A federal judge on Tuesday struck down Mississippi’s same-sex marriage ban.
U.S. District Judge Carlton W. Reeves issued his 72-page ruling less than two weeks after he heard oral arguments in the case the Campaign for Southern Equality last month filed on behalf of two lesbian couples seeking marriage rights in the Magnolia State.
“The court concludes that Mississippi’s same-sex marriage ban deprives same-sex couples and their children of equal dignity under the law,” writes Reeves. “Gay and lesbian citizens cannot be subjected to such second-class citizenship.”
Reeves, an African American who President Obama appointed to the federal bench in 2010, referenced the civil rights movement throughout his decision.
The judge wrote those who supported segregation in Mississippi described their opponents “racial perverts.”
Reeves noted the Ku Klux Klan linked gays and other groups to “fornicators and liberals and angry blacks.” He noted Bayard Rustin and other prominent gay civil rights advocates faced harassment because of their sexual orientation.
Reeves in his decision also noted Mississippi lawmakers earlier this year approved a measure — Senate Bill 2681 — that opponents contend allows business owners to deny services to LGBT people based on their religious beliefs.
SB 2681 took effect on July 1.
“Discrimination against gay and lesbian Mississippians is not ancient history,” writes Reeves.
Mississippi law bans gay nuptials, but voters in 2004 overwhelming approved a state constitutional amendment that defines marriage as between a man and a woman. It also prohibits Mississippi officials from recognizing same-sex marriages legally performed in other jurisdictions.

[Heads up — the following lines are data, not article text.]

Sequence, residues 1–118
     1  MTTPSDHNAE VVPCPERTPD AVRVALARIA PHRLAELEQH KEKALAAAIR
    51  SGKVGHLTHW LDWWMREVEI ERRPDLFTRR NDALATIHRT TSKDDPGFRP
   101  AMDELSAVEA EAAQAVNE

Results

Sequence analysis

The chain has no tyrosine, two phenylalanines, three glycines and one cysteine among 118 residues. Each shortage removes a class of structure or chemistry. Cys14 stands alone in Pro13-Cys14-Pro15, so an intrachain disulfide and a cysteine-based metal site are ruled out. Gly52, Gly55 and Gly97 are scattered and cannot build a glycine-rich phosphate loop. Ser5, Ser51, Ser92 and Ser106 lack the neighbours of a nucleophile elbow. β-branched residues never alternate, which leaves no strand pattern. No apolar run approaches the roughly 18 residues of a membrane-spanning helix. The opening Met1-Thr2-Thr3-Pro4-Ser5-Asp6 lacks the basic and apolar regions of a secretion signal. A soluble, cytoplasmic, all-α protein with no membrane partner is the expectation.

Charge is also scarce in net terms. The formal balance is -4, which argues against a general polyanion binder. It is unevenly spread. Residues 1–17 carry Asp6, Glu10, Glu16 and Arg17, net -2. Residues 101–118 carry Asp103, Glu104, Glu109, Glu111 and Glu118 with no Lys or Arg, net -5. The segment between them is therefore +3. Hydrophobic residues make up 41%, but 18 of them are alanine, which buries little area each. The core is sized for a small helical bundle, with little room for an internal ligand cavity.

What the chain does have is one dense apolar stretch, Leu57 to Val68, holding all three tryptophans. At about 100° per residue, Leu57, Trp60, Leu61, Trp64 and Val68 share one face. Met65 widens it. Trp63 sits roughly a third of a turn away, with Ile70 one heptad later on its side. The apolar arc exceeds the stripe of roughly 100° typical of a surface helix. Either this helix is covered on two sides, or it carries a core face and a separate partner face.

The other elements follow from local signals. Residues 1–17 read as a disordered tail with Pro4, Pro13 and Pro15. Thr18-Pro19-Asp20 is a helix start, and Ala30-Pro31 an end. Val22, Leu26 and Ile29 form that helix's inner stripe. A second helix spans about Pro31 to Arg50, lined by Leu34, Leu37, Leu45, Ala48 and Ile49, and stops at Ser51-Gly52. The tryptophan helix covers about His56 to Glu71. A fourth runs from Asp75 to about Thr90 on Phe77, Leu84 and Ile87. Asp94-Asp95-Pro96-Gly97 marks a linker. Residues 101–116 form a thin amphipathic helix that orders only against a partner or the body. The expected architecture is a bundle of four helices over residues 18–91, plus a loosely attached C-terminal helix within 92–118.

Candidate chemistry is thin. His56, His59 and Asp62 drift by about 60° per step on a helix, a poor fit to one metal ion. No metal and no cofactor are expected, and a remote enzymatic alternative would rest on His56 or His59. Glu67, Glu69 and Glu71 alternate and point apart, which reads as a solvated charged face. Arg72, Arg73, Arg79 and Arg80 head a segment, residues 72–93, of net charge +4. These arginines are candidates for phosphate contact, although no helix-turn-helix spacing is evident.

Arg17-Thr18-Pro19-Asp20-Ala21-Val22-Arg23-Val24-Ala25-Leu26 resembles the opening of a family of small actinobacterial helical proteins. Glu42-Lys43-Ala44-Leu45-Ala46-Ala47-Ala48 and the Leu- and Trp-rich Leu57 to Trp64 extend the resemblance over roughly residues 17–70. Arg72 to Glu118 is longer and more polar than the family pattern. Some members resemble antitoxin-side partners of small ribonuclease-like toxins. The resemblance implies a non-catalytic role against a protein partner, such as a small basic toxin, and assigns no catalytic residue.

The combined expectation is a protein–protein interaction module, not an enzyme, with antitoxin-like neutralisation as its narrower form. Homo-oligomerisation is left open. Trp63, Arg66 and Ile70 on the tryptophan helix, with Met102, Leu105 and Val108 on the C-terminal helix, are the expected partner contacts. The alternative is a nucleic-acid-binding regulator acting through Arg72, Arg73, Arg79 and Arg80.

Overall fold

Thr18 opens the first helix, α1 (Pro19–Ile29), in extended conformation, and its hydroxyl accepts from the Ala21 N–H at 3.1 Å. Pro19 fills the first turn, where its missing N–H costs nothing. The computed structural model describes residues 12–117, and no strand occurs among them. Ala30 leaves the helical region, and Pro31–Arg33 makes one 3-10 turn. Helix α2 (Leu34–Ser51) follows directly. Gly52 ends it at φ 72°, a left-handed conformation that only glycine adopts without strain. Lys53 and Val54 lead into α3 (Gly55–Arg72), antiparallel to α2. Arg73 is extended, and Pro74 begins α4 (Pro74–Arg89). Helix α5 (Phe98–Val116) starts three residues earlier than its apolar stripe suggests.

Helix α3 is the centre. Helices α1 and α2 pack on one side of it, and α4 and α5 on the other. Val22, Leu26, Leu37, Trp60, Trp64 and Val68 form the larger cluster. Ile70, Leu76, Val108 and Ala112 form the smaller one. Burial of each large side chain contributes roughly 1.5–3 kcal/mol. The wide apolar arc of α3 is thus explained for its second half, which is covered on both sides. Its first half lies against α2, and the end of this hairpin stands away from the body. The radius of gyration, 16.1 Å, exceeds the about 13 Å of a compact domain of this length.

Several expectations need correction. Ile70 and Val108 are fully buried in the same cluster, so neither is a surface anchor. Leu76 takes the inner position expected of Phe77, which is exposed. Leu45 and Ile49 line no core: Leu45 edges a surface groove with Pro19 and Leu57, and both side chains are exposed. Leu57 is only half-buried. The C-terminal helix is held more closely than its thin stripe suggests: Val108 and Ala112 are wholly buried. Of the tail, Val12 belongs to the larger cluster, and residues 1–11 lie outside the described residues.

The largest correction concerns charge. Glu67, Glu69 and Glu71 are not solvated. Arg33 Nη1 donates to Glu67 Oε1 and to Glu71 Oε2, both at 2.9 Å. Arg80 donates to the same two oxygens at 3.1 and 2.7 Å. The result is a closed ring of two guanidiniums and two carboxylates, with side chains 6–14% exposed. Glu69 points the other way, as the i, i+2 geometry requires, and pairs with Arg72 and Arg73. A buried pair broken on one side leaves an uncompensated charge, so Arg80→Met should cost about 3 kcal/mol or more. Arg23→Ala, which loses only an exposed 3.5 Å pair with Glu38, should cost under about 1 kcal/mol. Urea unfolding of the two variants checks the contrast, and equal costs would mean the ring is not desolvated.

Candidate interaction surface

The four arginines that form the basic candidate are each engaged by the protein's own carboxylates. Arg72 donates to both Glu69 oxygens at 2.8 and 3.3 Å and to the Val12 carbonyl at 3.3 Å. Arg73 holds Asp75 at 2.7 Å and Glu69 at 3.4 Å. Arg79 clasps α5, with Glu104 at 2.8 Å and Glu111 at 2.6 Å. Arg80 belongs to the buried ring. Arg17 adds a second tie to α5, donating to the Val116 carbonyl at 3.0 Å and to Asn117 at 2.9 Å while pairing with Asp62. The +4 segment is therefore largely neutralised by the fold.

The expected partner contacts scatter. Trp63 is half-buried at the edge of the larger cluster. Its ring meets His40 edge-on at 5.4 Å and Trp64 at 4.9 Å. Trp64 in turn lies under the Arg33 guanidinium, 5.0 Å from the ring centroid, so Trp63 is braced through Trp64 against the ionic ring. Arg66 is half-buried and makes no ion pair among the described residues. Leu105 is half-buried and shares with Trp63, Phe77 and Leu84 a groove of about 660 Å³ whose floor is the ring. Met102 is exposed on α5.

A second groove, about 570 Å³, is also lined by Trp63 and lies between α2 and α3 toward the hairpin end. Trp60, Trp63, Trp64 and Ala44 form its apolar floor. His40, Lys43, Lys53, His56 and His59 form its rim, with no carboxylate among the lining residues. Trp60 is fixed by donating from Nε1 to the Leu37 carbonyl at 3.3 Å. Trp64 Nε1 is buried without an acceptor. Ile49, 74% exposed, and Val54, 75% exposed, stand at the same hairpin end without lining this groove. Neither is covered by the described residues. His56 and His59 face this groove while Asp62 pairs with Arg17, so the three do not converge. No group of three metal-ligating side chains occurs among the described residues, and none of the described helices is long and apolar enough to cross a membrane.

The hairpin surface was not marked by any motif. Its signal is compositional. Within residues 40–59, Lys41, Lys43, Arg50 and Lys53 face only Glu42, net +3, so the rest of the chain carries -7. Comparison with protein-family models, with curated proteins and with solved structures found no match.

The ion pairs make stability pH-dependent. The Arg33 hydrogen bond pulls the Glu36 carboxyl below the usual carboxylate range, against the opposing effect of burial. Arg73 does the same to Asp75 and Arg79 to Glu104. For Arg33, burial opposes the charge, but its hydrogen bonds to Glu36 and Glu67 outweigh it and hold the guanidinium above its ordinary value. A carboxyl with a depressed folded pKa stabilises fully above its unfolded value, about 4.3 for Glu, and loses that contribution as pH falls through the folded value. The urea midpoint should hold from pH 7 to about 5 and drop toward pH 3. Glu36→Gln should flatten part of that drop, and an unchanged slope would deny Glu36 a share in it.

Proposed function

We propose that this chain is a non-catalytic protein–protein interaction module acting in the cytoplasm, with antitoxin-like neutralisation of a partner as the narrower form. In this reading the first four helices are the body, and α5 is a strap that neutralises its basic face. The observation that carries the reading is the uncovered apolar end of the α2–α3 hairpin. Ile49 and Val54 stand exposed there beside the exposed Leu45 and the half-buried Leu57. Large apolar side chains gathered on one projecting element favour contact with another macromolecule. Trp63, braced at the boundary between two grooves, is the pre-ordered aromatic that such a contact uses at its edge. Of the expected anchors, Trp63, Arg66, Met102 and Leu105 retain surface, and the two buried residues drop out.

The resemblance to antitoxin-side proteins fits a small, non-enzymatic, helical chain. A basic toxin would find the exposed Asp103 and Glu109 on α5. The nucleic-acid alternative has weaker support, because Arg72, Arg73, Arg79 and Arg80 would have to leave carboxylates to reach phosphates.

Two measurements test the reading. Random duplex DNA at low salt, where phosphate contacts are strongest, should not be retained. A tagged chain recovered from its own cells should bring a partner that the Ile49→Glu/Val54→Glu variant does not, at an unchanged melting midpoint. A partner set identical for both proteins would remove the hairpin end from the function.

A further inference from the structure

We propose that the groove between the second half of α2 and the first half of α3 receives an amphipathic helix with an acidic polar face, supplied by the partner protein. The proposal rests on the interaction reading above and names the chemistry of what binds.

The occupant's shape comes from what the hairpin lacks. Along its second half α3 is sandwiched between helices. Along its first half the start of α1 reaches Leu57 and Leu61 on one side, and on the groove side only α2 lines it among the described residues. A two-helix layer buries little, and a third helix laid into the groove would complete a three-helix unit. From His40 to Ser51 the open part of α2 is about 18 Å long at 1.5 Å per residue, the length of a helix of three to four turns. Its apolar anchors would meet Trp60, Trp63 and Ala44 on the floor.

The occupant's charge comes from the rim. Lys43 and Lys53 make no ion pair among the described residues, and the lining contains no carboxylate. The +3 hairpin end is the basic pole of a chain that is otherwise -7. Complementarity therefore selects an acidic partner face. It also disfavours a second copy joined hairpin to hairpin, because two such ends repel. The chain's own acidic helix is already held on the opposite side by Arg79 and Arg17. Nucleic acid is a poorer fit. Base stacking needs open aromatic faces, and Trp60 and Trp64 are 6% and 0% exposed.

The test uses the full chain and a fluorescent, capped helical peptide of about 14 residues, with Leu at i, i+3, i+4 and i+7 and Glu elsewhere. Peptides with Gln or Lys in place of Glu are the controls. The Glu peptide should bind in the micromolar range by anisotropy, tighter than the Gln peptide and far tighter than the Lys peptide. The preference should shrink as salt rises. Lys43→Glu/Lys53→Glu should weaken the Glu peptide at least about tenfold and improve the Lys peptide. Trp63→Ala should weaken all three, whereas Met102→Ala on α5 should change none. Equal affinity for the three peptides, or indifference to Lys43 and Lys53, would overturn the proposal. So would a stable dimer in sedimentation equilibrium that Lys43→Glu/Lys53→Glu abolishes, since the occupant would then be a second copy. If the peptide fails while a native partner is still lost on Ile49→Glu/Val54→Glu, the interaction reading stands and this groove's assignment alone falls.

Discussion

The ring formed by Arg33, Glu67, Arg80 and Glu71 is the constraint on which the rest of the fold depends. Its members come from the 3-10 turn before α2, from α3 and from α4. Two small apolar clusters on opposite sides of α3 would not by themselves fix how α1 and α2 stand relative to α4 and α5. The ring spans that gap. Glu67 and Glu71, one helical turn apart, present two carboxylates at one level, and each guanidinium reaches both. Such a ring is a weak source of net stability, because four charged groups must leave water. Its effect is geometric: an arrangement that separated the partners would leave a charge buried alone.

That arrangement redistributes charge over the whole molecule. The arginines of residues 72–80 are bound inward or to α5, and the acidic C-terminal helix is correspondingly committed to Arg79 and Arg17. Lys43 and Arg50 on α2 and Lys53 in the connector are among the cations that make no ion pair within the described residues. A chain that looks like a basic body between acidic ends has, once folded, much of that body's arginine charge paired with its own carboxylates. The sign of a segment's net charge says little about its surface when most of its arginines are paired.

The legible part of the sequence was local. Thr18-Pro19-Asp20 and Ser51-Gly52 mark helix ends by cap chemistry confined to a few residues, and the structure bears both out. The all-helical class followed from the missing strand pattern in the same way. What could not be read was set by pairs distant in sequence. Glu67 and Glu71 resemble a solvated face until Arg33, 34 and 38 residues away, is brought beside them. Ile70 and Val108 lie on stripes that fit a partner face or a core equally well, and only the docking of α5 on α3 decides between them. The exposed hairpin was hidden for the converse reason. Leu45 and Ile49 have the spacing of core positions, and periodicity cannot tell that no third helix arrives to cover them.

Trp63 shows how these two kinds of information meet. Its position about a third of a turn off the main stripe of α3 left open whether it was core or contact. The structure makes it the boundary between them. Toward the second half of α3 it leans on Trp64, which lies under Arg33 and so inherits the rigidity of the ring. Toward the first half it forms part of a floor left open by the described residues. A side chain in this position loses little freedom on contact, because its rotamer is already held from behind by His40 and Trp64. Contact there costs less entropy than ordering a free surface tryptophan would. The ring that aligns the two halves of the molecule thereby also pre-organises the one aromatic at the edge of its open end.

Roberta Kaplan, who successfully argued against the Defense of Marriage Act before the U.S. Supreme Court in 2013, is the lead counsel in the Campaign for Southern Equality case.
Justin Matheny in a brief he filed on behalf of Gov. Phil Bryant and Attorney General Jim Hood repeatedly stressed the marriage amendment and statutory ban on gay marriages “speak for themselves.”
Gays and lesbians are able to legally marry in 35 states and D.C.
More than 30 judges have ruled in favor of nuptials for gays and lesbians since the U.S. Supreme Court struck down a portion of DOMA in its landmark Windsor decision.
“This court joins the vast majority of federal courts to conclude that same-sex couples and the children they raise are equal before the law,” writes Reeves. “The state of Mississippi cannot deny them the marriage rights and responsibilities. It holds out to opposite-sex couples and their children.”
LGBT rights advocates praise ruling
Rev. Jasmine Beach-Ferrara, executive director of the Campaign for Southern Equality, in a statement said her organization is “overjoyed that gay and lesbian families in Mississippi are finally equal under the law and that a shameful, discriminatory law has been struck down.”
“As soon as marriages begin, gay Mississippi families will be able to conduct their lives knowing that a safety net of legal protections surrounds them, and knowing that their fundamental dignity has been affirmed by their home state,” she said.
Rev. Brandiilyne Dear, founder of the Dandelion Project, a support group for LGBT people in the Mississippi Pine Belt, had a similar reaction.
“Today is the day that we have all fought for, prayed for and thought would never come,” she told the Washington Blade. “Today we are equal. This is the day that many have died for and I am so grateful that I have lived to see it.”
Mitchell Moore, owner of Campbell’s Bakery in Jackson who helped launch a campaign against SB 2681, agreed.
“I thought Mississippi would be last again,” he told the Blade. “I thought this would happen after all other states or sometime in the next 5 to 10 years. I’ve never been happier to be wrong.”
Reeves stayed his ruling for two weeks, pending a likely appeal.
Hood in a statement his office sent to the Blade on Wednesday said he will appeal Reeves’ ruling to the 5th U.S. Circuit Court of Appeals in New Orleans, which is scheduled to hear oral arguments in same-sex marriage cases from Texas and Louisiana on Jan. 9.
“The Office of Attorney General has a statutory duty to argue the constitutionality of our laws,” said Hood. “We will appeal the decision to the Fifth Circuit Court of Appeals and ask for a stay until that court decides the cases presently pending before it.”